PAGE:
November 11, 2018

Not all quotation marks are made equal

As part of moving special collections stock we needed to identify item records containing a non-public note (MARC field 852 $x or MARC field 952 $x in Koha). Historically, this free text field has been used to input details about the precise location of each item, such as section, folder, etc. The initial report drawn up by the systems librarian, however, showed only a fraction of the items housed in the special collection location. Upon closer examination we discovered that the records which did not show up on the report had double quotation marks around the text which has carried through into the MARC data. Clearly Koha was not happy about that. The systems librarian opened a single record and manually replaced the double quotes. This seemed to work and the record showed up on the report… excep the record length in the MARC record leader (LDR) has changed. This was unexpected as the number of characters in the MARC record has remained the same, yet there was a difference of 4 between the original and the edited record length.

Greeted with this peculiar news the next morning, I had another look at the record. The graphic design education must have kicked in and I noticed that the original record had right (U+201C) and left (U+201D) double quotation marks, which in binary data are much longer than the standard double quotation marks (U+0022).

"   U+0022 QUOTATION MARK               11100010:10000000:10011101  = 24 bits
“   U+201C LEFT DOUBLE QUOTATION MARK   11100010:10000000:10011100  = 24 bits
”   U+201D RIGHT DOUBLE QUOTATION MARK  00100010                    = 8 bits

When you do the simple math, replacing the right and left double quotation marks with the standard quotation marks has shortened the data with 32 bits. Cross-referencing with the latest MARC 21 Specifications for Record Structure I have found that the term length refers to “a measure of the size of a data element, field, or record and is expressed in number of octets”. In turn octet is “a string of 8 bits. In some cases (e.g., ASCII) each octet represents a character; in other cases (e.g., Unicode) multiple octets may represent a character”. Mystery solved! My record length difference of 4 is actually 4 octets, 4 bytes or 32 bits.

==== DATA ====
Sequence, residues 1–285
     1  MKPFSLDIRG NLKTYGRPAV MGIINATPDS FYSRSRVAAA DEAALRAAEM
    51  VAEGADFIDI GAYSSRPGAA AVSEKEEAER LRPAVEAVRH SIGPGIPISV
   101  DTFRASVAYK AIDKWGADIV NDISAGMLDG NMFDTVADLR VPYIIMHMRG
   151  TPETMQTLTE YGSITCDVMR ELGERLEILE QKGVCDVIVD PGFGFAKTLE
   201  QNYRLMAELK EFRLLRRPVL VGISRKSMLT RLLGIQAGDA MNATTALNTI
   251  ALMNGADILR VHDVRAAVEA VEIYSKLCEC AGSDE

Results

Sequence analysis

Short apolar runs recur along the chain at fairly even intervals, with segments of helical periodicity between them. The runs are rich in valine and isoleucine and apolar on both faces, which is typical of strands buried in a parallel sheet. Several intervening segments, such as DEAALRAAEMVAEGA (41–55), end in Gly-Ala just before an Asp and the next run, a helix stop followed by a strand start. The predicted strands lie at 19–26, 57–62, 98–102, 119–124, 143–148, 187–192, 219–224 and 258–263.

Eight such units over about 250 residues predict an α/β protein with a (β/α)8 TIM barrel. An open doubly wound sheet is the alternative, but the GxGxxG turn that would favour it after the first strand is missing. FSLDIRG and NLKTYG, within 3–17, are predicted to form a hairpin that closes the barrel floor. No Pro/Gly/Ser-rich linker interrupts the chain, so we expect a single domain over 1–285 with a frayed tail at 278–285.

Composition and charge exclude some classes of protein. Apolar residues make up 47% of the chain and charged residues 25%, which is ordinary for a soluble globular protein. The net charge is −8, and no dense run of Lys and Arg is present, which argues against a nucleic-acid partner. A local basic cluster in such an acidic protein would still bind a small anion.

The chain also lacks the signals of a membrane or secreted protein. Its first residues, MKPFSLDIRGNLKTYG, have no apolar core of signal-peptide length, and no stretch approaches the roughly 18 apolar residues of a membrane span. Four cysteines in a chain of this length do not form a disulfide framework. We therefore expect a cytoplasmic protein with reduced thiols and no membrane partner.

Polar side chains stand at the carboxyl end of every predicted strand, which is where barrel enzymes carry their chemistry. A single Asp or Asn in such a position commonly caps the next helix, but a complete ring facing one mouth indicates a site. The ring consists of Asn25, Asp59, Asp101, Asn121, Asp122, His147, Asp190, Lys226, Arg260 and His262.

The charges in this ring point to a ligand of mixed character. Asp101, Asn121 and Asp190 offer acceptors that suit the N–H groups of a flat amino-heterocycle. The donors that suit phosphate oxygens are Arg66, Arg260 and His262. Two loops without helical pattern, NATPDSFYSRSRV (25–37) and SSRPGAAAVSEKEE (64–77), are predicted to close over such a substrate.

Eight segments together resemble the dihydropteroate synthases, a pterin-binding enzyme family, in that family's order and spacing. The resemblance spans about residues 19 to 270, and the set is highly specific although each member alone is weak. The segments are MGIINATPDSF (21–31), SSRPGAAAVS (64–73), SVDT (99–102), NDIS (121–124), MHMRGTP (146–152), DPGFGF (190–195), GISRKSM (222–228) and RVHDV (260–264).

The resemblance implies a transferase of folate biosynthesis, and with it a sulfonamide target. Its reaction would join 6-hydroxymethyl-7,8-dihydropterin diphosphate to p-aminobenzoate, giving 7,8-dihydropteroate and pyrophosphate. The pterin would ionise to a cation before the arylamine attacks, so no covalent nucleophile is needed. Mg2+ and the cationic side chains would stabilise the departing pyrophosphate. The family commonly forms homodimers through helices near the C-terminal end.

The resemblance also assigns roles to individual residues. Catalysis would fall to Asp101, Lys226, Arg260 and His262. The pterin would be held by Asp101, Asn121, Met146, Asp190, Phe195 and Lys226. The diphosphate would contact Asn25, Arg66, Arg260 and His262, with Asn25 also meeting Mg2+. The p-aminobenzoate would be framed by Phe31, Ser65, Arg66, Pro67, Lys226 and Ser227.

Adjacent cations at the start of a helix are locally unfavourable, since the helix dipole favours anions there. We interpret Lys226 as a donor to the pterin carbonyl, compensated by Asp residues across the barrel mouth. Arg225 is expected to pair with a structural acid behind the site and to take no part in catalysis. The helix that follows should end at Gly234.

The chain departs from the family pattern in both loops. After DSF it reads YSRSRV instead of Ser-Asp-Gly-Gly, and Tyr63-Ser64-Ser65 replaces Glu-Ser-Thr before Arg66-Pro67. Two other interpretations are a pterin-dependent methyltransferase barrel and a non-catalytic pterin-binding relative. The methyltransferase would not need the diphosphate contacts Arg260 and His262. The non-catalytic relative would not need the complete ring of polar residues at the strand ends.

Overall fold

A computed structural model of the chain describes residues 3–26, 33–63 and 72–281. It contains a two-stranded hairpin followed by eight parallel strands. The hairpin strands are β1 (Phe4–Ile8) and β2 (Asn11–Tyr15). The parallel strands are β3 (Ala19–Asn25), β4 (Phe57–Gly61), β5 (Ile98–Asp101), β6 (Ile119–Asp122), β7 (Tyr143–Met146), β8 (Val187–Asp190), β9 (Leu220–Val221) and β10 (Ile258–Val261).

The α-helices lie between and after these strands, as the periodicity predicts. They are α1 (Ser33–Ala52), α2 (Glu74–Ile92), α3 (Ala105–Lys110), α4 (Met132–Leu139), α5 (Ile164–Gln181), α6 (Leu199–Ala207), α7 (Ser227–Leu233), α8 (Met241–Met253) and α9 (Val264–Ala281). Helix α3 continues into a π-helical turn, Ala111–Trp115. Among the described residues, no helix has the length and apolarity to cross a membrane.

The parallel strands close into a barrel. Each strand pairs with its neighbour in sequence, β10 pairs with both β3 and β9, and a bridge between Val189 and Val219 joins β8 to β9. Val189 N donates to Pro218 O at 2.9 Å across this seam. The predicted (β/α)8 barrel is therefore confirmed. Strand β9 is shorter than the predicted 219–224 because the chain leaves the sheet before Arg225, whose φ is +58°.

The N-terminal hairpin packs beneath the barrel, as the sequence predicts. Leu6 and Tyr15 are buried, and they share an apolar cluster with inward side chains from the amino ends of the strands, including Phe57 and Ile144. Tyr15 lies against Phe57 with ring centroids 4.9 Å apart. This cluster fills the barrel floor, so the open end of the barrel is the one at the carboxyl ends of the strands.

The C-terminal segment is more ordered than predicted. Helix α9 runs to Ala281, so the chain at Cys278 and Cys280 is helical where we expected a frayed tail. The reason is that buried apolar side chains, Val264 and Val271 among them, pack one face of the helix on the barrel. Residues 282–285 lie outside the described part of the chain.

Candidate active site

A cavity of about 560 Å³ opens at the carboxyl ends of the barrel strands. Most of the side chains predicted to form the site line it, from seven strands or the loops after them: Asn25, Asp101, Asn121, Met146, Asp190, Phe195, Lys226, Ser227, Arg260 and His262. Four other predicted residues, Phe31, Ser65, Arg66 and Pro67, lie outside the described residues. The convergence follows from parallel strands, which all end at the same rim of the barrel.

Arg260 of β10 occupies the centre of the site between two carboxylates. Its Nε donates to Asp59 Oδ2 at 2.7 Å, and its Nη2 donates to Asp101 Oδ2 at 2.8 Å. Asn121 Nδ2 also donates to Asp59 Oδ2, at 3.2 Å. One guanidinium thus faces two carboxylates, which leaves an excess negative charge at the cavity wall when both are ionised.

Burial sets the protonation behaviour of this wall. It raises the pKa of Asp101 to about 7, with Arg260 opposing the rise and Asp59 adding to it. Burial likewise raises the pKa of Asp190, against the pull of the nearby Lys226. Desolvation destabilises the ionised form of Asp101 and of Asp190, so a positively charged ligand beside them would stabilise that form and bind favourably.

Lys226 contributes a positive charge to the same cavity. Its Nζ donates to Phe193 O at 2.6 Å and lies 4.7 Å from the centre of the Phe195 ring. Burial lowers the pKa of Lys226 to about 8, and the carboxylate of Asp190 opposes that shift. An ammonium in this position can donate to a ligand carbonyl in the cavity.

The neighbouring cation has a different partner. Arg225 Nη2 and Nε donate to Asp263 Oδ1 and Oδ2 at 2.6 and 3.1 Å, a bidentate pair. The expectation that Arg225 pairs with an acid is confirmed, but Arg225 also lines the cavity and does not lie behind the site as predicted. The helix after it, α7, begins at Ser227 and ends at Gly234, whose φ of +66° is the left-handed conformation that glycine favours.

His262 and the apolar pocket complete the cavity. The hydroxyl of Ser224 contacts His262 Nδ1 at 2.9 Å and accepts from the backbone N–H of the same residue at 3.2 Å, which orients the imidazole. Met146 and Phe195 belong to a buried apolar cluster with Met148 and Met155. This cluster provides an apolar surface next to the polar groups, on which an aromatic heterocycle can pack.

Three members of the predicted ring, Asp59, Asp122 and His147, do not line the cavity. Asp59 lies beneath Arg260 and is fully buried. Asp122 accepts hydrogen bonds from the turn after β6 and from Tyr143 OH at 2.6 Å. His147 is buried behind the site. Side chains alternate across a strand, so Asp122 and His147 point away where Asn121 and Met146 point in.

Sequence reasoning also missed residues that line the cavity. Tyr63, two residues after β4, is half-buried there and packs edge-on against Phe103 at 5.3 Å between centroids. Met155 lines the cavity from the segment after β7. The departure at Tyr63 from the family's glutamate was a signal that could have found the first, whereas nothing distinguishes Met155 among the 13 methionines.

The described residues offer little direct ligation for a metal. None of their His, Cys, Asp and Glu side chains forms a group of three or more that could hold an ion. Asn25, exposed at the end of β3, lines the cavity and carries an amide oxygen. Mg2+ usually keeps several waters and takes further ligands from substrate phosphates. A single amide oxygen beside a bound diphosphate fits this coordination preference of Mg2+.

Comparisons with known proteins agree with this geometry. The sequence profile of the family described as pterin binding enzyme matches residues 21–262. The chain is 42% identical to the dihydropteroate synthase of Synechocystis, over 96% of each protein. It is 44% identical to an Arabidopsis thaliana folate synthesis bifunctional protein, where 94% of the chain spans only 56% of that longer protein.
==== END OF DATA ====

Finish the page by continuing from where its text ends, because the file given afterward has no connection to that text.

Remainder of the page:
Lessons learned:

  • Do not use punctuation unnecessarily in MARC records
  • If you need to use it, stick to ASCII characters (0-255) when possible
  • Use digraphs in vim to insert characters that are not available on your keyboard. You can enter the 256 characters from the digraph-table using the CTRL-K (a question mark will appear) followed by the digraph value, while in insert mode. However, if you want to enter the infamous right and left double quotations, you need to have vim compiled with multibyte support and use a multibyte encoding in order to input the enhanced digraphs set from the digraph-table-mbyte. To check if you have multibyte encoding use :echo has(‘multi-byte’) if it returns 1 you are good to go. Then you need to be in insert mode, and enter CTRL-K, a question mark will appear, then enter digraph value. For example, right double quotation mark is “9 and left double quotation mark is “6. If this doesn’t work, most likely in Windows gVim, make sure you check the following is in your _vimrc file
if has('gui_running')
  set guifont=Lucida_Console:h11
endif

if has("multi_byte")
  if &termencoding == ""
    let &termencoding = &encoding
  endif
  set encoding=utf-8
  setglobal fileencoding=utf-8
  "setglobal bomb
  set fileencodings=ucs-bom,utf-8,latin1
endif

Hopefully that will enable you to see the typographical quotes on the gui. You can check if the encoding is correct encoded by positioning the cursor over the character and running the :as command which will show you the code point of the character. Use :w ++enc=utf-8 when saving your file, just to be on the safe side.

Useful articles on troubleshooting the digraphs:

As I created the _vimrc file in gVim with the above contents, all of a sudden the backspace stopped working in insert mode. Apparently this is a feature, not a bug, and could be fixed by putting set backspace=indent,eol,start in your _vimrc file. Check here for the long explanation.

Oh wait, another thing, as soon as you create a _vimrc file on gVim (Edit>Startup Settings) the syntax highlighting disappears. You can set it up with :syntax on or just put syntax on in your _vimrc file to enable it upon start up. Custom syntax highlighting in another post.

© 2018 Miglena Minkova